Three and a half years in the making, Jacqueline Parry has taken her PhD,‘Transitional justice and displacement: lessons from Liberia and Afghanistan’ across the globe to assist displaced communities in Iraq.
Jacqueline’s legal background coupled with her work experience on assignments with the United Nations High Commissioner for Refugees in Indonesia, Jordan, Malawi and Afghanistan inspired deep intellectual enquiry into transitional justice and displacement.
Along the way she was awarded with the Australian Research Council Laureate post-graduate scholarship and a prestigious Arthur C. Helton Fellowship micro-grant by the American Society of International Law.
Today she takes her expertise to where it’s needed most.
Now based in Erbil, Jacqueline is working as a Program Advisor for the International Organization for Migration.
“I give advice on program design and implementation related primarily to IOM’s stabilization program. We work with displaced Iraqis and their host communities on infrastructure and livelihoods projects, with a key focus is on building social cohesion. The focus is on making development participatory, this is really important in post-conflict contexts,” said Jacqueline.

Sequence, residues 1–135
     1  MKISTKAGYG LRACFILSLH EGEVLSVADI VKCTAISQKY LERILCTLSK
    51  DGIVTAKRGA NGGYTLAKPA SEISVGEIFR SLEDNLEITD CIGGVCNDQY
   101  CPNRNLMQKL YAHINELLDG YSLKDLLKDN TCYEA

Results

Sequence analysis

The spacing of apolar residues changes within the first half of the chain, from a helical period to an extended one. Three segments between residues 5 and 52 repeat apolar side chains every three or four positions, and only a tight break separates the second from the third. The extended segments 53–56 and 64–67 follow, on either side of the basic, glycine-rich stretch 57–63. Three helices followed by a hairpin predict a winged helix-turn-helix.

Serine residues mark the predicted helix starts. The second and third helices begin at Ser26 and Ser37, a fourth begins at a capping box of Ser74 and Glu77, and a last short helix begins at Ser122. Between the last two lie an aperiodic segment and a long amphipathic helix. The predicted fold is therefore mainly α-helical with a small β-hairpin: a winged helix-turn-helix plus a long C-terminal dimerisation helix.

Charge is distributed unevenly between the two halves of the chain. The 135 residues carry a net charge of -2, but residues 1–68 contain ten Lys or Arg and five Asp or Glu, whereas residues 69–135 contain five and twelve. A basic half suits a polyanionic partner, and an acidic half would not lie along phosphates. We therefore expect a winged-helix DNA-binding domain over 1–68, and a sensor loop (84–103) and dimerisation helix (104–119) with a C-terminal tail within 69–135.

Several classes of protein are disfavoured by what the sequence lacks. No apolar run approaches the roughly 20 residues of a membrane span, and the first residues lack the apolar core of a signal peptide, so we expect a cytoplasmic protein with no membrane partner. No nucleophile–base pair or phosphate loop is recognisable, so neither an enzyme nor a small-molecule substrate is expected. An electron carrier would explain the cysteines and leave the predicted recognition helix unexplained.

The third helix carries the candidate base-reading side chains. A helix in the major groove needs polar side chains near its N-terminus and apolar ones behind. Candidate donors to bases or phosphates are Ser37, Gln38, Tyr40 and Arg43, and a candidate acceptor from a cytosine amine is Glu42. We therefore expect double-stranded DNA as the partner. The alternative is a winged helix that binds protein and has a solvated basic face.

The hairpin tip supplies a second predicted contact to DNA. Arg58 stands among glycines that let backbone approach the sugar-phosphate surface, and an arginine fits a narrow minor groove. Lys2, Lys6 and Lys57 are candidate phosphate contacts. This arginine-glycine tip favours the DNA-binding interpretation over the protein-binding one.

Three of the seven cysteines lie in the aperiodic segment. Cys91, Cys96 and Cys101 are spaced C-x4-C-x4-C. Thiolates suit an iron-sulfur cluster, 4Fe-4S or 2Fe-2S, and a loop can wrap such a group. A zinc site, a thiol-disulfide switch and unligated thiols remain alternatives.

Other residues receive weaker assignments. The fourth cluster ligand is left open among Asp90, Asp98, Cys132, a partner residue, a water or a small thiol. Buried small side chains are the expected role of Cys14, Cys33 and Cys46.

Jacqueline says the people she works with are a strong motivation.
“People are incredibly resilient. In Iraq, even when people are themselves affected by conflict, they are still willing to open their homes or communities to other displaced Iraqis, and are finding ways to rehabilitate or share limited resources.’ said Jacqueline.
Although Jacqueline came to the PhD with a wealth of experience, she found the academic process invaluable to the work she does today.
“What I found helpful is that I have a much stronger evidence basis in making policies. From experience in my PhD, I have case studies I can refer to. I know how to best access resources, which literature and academics to refer to,” said Jacqueline.
Jacqueline has returned to ANU for her graduation ceremony, and more than anything she said she feels relieved to have made it to the end and grateful for the support from her supervisor, colleagues and family.
“I started in 2012 it’s been a long process - it’s been on my mind constantly since I started. My supervisor Professor Hilary Charlesworth was extremely patient and supportive.’’
Jacqueline completed her PhD through the School of Regulation and Global Governance (RegNet).